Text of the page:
A recent replication study once again revived the debate over whether taking notes longhand or on a laptop leads to better test performance. Some may have thought this was settled following Mueller and Oppenheimer’s (2004) high-profile investigation, which concluded that writing is superior to typing notes. This research was highly publicized and led to one professor banning laptops in her classroom and sharing her story in a New York Times op-ed. Psychology researchers Morehead, Dunlosky, and Rawson (2019) set out to replicate and extend Mueller and Oppenheimer’s (2004) work with the goal of providing evidence of how different note-taking methods affect student learning and exam preparation—what they found contradicts the original 2004 results.
Undergraduate students at a large Midwestern university served as participants in the study for course credit. Morehead and colleagues used the same lectures and test questions as in the 2004 study to assess both factual and conceptual understanding. They extended this work by including groups that took notes using eWriters (devices that allow users to write by hand with a stylus on a screen) as well as having participants complete a 2-day delayed test to look at how test performance can differ between immediate and delayed tests. Participants were randomly assigned to a note-taking group (i.e., longhand, laptop, eWriter) and testing group (i.e., immediate and delayed testing, delayed testing only).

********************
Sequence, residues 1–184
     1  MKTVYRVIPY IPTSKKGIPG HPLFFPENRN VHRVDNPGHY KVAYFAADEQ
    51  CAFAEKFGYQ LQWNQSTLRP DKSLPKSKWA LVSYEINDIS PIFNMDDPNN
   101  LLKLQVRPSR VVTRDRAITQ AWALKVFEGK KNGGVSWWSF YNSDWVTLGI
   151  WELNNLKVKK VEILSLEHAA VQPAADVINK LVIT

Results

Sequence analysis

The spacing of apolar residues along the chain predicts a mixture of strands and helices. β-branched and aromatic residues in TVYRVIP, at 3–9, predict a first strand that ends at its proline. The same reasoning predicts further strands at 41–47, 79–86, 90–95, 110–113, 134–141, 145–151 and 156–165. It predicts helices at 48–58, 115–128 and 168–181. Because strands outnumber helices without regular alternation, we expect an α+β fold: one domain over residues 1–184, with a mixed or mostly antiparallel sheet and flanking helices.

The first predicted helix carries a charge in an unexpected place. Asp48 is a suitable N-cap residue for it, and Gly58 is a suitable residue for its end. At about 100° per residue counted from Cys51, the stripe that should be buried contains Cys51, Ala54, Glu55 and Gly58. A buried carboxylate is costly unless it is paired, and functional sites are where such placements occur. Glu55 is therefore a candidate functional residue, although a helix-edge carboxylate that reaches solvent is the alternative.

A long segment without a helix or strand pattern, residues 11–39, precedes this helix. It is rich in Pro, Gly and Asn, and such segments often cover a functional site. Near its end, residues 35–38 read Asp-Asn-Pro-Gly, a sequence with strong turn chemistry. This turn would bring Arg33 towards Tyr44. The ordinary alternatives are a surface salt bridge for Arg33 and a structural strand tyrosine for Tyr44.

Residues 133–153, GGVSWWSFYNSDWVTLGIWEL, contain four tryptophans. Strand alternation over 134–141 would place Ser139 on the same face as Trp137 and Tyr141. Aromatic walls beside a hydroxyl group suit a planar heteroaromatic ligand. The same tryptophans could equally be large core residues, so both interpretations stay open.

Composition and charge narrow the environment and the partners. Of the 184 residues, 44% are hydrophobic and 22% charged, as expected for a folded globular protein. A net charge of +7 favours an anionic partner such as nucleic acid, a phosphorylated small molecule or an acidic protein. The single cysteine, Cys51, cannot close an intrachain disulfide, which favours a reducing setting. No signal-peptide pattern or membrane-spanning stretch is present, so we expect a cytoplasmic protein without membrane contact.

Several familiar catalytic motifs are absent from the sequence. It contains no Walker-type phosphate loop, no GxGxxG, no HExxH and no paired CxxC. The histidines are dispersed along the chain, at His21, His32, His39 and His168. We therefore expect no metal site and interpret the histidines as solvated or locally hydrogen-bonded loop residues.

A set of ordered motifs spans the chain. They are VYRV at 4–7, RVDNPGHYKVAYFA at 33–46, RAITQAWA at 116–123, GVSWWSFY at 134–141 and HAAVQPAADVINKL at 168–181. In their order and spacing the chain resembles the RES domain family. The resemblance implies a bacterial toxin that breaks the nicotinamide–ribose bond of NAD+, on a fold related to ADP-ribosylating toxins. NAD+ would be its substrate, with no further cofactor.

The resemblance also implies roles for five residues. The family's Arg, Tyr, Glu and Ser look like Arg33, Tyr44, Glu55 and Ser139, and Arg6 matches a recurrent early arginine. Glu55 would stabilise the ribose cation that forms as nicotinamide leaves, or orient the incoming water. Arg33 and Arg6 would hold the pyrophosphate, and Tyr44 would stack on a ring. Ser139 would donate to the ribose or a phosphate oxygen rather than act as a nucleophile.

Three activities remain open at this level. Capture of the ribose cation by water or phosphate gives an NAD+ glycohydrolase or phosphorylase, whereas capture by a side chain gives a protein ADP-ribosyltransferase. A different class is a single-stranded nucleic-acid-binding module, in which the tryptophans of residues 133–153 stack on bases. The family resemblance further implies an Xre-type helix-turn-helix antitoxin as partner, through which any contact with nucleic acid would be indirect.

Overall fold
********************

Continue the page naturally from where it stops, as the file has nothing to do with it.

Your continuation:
In their 2004 study, Mueller and Oppenheimer found that participants who took notes longhand performed significantly better on conceptual questions than those taking notes on a laptop. No differences were found between the longhand and laptop note-taking groups on factual questions. Morehead, Dunlosky, and Rawson (2019) essentially found the opposite: participants in the longhand note-taking group performed significantly better on factual questions, whereas there was no difference between the groups on conceptual questions.
Morehead, Dunlosky, and Rawson acknowledge that there are many other factors at play, such as lecture content, distractions, and classroom versus laboratory research. They believe that future research should look at “the degree to which a particular note-taking method increases the likelihood that students include the most important and to-be-tested content in their notes.” So which method is mightier? Morehead, Dunlosky, and Rawson can’t definitively say.
Morehead, K., Dunlosky, J., & Rawson, K. A. (2019). How much mightier is the pen than the keyboard for note-taking? A replication and extension of Mueller and Oppenheimer (2014). Educational Psychology Review, 31(3), 753–780.https://www.bibsonomy.org/bibtex/248871bb11e2f791244d4492c86bba384/yish.
Mueller, P. A., & Oppenheimer, D. M. (2014). The pen is mightier than the keyboard: Advantages of longhand over laptop note taking. Psychological Science, 25, 1159–1168. https://doi.org/10.1177/0956797614524581.